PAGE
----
However, I do believe that a good challenge can help you to kickstart some healthy habits. I’m also a huge believe in everything in moderation. Everything! I agree that make some of these choices and following the tasks can be beneficial to your health, but again, we don’t want to go to extremes and over do it. In the long run, it will be better for our health and wellness to create habits that we can sustain.  So, I have decided to create my own version of 75 Soft that will focus on creating some attainable and sustainable healthier habits.

I want to create a challenge where the tasks encompass more than physical health and cover all four of the Wellness Pillars: physical, mental, emotional, and spiritual. So, the daily tasks I have chosen for the 75 Soft Challenge are the same as the daily consistent activities I have already chosen for the year and include (I will further expand on these below):

  1. Eat healthy
  2. Move your body for 30 minutes daily
  3. Drink a gallon of water daily
  4. Read 10 pages a day of a personal growth book
  5. Meditate daily for 5-10 minutes
  6. 10 – 15 minutes of journaling daily
  7. Starting a daily gratitude practice
  8. Daily videos/photos etc. to hold yourself accountable

So let’s further break these down to give you more specific and measurable plans to complete the challenge.

Eat healthy – I prefer a cleaner eating plan that focuses on eating mostly plant based and whole foods. I am currently following the Mediterranean Diet which meets those requirements. Don’t’ be hard on yourself, don’t restrict too many foods, and give yourself grace if you “cheat”. Just let it go and move on.

Move your body for 30 minutes daily – notice that I said “move” and not “exercise”. I believe movement is health, and that can be anything. So, take daily walks, do some yoga, play with the kids, or clean the house. Any way you can actively move your body throughout the day will be beneficial.

Drink a gallon of water daily – the recommendation is to drink half of body weight in ounces of water. I think a gallon is a good and achievable goal. Water will also help your skin glow!

Read 10 pages of a personal growth book a day – I also think anything that helps you learn will be beneficial. So maybe listen to a personal growth podcast, YouTube videos, etc. Even small steps of bettering ourselves daily is a step in the right direction, so taking some time each to learn something new is perfect!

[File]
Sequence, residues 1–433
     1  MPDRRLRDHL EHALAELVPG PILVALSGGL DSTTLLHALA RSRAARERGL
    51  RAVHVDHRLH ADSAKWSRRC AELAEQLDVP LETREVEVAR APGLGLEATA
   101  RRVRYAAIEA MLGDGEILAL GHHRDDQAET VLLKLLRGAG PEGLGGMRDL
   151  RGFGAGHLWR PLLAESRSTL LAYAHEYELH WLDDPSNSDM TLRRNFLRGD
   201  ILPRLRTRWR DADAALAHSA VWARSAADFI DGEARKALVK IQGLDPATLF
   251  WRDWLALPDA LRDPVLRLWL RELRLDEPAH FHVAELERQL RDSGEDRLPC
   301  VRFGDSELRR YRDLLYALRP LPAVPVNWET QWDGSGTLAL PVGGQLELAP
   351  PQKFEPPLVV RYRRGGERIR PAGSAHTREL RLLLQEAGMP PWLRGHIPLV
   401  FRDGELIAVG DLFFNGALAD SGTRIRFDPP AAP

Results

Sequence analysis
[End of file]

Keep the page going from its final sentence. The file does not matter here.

Meditate 5 -10 minutes daily – this is a no brainer. Meditation helps us manage stress, improve our health, us sleep better, and keep our brain sharp.

Journaling – I suggest journaling in the morning if you can. It allows you to brain dump your thoughts onto paper so you can start your day with a clear mind. You can also incorporate the next step, gratitude, into your journaling practice. Taking some time each morning to write down what you are grateful for. Try the 5 Minute Journal as it is perfect for this activity. Journaling is beneficial for both your mental and emotional wellbeing.

Attitude of Gratitude – After starting my own gratitude practice a few years ago, I have noticed a huge shift in my life. It helps me appreciate everything and everyone in my life, keeps me focused on the positive in my life, and even makes room for me to welcome new things.

Daily photos – now I know I said that this could be bad as you could start to pick yourself apart. If you feel like taking daily progress photos seem too much, then take a photo on Day One and another on Day 75. Personally, I will be doing short reels on my Instagram account, @the.christopher.dior, in order to hold myself accountable. Plus, it will allow me to share my wellness habits and routine with others.

So, join me in the challenge by following and tagging me on Instagram! Let’s use this challenge, adapted to your needs, to create lifelong health and wellness habits!